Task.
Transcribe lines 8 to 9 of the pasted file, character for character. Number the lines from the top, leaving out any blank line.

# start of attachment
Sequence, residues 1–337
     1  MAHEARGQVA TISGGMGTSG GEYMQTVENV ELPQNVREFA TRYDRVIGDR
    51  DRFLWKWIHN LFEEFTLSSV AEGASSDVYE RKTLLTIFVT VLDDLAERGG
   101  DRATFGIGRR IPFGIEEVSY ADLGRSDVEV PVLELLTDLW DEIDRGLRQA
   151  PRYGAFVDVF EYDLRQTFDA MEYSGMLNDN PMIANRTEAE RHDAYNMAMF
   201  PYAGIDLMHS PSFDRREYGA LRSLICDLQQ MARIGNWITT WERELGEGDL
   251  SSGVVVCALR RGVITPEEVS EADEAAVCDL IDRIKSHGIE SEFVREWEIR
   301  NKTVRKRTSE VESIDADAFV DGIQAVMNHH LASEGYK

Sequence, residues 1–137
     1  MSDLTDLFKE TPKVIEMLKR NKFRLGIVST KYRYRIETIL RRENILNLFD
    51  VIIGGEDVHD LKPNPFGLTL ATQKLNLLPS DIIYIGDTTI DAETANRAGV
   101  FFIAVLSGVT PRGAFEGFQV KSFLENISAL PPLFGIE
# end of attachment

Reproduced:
   301  NKTVRKRTSE VESIDADAFV DGIQAVMNHH LASEGYK

Sequence, residues 1–137